I have never been a "dining out type-of-guy", but here's something I will be able to dine out on for years. In 1994, I took part in a slam-dunk competition and commentating on this event was a basketball legend. He has been recognised by the basketball hall-of-fame in Springfield and having been drafted by the Boston Celtics in 1979, he embarked on an extremely successful basketball career that featured many championships and MVP awards. His name is Bird.
Impressive stuff, right? However, all is not as it seems. It is still a true legend of the game, but one that most of you will not know about. All of the above is true, except his name is not Bird... it's Byrd (not that my dinner guests would be able to distinguish between the two). His career would ultimately not be in the NBA, but over here, in England. Larry Bird wasn't drafted in 1979 (although that was his rookie year), he was actually drafted in 1978. In 1979, in the tenth round, the Boston Celtics selected a young guard named Alton Byrd and now, 26 years on, I am proud to tell you all what became of him.
Alton Byrd, or "AB" to his friends, kindly agreed to speak to me about, amongst other things, being drafted by the Celtics, his career and his feelings towards the NBA now.
Byrd, standing at only 5'8", was born and raised in San Francisco, but attended college at a New York-based Ivy League school, Columbia University. The Basketball Hall of Fame, recognised him in 1979, by awarding him the Frances Pomeroy Naismith Award for the nation's top male collegiate basketball player under six feet tall. The award has subsequently been awarded to such greats as Tim Hardaway and Muggsy Bogues, and in recent years was awarded to Earl Boykins and Brevin Knight.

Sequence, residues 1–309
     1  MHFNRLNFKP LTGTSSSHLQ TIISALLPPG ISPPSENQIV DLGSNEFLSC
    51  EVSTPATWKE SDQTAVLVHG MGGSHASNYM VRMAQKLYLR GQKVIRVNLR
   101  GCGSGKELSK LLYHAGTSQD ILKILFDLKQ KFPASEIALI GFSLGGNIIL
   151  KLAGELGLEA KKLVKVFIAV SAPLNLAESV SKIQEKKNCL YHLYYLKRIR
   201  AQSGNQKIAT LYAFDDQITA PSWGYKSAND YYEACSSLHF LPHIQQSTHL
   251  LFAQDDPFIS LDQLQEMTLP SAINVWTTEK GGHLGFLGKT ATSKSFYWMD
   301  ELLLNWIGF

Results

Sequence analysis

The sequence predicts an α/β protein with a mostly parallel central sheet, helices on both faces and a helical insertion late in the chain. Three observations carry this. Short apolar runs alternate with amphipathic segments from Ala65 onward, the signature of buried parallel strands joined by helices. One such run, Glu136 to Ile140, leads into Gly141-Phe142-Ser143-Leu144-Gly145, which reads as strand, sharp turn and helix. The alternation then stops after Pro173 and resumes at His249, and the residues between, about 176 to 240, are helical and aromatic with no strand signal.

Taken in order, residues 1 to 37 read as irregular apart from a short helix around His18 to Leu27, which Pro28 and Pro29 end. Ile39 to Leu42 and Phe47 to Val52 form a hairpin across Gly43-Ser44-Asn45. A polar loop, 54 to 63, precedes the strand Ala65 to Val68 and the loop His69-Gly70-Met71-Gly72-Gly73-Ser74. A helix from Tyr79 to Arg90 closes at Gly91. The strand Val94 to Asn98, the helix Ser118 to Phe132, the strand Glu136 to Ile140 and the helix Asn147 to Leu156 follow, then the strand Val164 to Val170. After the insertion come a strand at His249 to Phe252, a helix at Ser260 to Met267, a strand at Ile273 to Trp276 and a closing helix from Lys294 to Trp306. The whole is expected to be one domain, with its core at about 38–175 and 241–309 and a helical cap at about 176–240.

Despite these credentials, Byrd lasted to the 186th pick in the 1979 NBA draft, before eventually being selected by the Celtics. "The process of the draft in 1979 is very different than now," recalls Byrd, "Back then, there were 10 rounds and only if you were a top 20 draft pick did you get invited to the draft."
"I did not go to the draft, nor did I work out for the Celtics beforehand," he continues, "I spoke to Red Auerbach after I was drafted and the first person I met was the then President, Jan Volk."
Byrd had his heart set on a career in the NBA and understood fully the challenge that lay ahead. "Getting drafted was special," he said "and getting drafted by the Celtics was even more special given the history of the franchise and the fact the many of the great players-Bill Russell, KC Jones, etc. came from the Bay Area."
Unfortunately, fate would strike Byrd's NBA chances a cruel blow. The night before training camp opened, an unfortunate foot injury would severely hamper Byrd's chances of making the team. However, Byrd remained resolute. "Even though I hurt my foot, I believed that if I was healthy I would be in a great position to make the team with my quickness," he recollects, "I went to camp anyway, and had a chance to play against Larry Bird, Dave Cowens, Gerald Henderson, Eric Fernstein, etc..."
Unfortunately, due to his injury, Byrd had "only played one day and pretty much watched the rest of the days." His decision was to play in England for one year and then try again to make it to the NBA, but he would end up staying for 20 years (including a 17-year playing career) and would become the most recognisable face connected with basketball in England, even today. Byrd would ultimately have a greater impact upon the global game than he ever would have if he had played in the NBA.